Let’s face it, the answer is not the one everyone wanted, but I don’t know if that is sufficient grounds for accusations of deception. What the lady Vice President says is more revealing than what she did not say.

    1 The EU regards the application of the directive as law in Cyprus and any decisions as to whether offences are being committed under it as a matter for the Cyprus courts and the Cyprus Commerce Ministry and not the EU.

    2 Politicians play these word games all the time. She is saying effectively that the EU Commission is not going to run around Europe with a police hat and whistle, enforcing this EU directive. This means the battle for consumer’s rights in Cyprus has to be fought in Cyprus. The Commerce Ministry is on record on this web site as having told the CPAG that the directive does not apply to immovable property, so it will be an uphill battle, which apparently no one has the stomach for.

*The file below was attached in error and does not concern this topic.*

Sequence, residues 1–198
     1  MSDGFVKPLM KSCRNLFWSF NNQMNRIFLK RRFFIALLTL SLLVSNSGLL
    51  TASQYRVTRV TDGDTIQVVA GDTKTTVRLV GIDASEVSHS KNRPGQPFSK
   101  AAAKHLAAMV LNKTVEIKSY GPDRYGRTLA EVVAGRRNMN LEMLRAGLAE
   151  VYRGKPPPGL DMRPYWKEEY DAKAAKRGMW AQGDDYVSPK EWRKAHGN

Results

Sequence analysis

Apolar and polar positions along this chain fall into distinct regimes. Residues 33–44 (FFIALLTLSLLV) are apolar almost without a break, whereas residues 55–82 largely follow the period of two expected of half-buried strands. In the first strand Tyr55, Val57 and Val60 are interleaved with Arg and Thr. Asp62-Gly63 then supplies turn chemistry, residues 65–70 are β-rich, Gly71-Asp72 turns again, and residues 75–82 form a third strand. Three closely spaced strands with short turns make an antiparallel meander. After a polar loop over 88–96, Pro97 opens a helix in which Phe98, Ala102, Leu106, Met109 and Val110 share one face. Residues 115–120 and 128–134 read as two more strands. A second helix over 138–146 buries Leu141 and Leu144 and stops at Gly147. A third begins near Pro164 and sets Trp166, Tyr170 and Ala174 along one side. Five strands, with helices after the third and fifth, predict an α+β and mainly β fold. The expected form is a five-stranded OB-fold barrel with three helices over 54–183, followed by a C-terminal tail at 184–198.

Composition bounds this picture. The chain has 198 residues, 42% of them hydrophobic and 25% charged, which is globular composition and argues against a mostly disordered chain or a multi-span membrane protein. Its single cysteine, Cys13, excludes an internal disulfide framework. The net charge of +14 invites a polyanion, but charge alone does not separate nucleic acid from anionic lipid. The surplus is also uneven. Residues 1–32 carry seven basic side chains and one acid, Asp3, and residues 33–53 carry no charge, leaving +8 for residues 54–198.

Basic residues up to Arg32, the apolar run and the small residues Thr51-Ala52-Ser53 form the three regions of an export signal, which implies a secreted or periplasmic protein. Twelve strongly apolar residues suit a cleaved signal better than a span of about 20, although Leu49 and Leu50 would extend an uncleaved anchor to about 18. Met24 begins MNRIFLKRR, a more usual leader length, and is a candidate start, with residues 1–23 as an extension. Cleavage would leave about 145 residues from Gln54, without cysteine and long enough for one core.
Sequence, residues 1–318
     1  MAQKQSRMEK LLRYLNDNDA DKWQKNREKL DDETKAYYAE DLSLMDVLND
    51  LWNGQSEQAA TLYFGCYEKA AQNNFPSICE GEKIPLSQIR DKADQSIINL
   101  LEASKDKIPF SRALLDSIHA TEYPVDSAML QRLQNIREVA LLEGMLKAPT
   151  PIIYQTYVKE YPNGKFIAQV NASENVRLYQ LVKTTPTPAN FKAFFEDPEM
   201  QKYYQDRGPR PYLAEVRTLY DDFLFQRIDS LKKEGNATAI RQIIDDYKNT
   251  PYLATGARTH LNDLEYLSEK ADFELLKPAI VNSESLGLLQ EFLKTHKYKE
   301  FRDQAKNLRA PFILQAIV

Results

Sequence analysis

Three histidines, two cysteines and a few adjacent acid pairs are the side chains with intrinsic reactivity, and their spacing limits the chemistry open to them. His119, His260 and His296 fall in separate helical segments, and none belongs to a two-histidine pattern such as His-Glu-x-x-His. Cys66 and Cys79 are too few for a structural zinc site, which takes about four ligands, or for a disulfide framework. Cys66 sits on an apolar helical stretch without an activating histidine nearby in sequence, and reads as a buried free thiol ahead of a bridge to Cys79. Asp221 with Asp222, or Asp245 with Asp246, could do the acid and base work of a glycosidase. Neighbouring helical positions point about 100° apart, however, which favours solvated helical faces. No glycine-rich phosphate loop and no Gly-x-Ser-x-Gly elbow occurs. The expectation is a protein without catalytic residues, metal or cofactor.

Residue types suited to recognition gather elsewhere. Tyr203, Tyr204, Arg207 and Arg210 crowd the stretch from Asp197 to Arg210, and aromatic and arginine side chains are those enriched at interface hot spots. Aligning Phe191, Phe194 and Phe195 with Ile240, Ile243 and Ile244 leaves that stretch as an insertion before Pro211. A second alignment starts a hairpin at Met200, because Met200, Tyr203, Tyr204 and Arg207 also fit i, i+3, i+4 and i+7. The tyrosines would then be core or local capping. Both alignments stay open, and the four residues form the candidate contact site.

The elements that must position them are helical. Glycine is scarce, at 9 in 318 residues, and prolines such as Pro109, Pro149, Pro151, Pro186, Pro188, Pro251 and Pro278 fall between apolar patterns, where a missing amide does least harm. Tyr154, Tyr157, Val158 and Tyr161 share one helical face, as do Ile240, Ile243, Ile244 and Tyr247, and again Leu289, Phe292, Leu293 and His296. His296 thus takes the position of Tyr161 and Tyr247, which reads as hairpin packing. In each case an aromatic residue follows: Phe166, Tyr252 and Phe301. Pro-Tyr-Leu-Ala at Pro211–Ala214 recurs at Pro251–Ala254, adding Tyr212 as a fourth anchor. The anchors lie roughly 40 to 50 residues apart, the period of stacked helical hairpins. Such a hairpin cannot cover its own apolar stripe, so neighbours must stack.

Cyprus Property Action Group (CPAG) representative Denis O’Hare told the Sunday Mail that when he contacted the CCPS to ask how it was implementing the law in relation to property, he was told that “it does not cover immovable property“.

  • graham cockroft says:

    The answer clearly passes the buck. As an ex property rep, I can confirm this practice was rife way back in 1990, deeds were simply not issued and property was re-mortgaged and repossessed even in those days.

    If this is not collusion to commit a crime between banks and builders I don`t know what is. Its clearly evident property is being sold twice.

  • Dee says:

    What a cop-out!

  • The views expressed in readers' comments are not necessarily shared by the Cyprus Property News.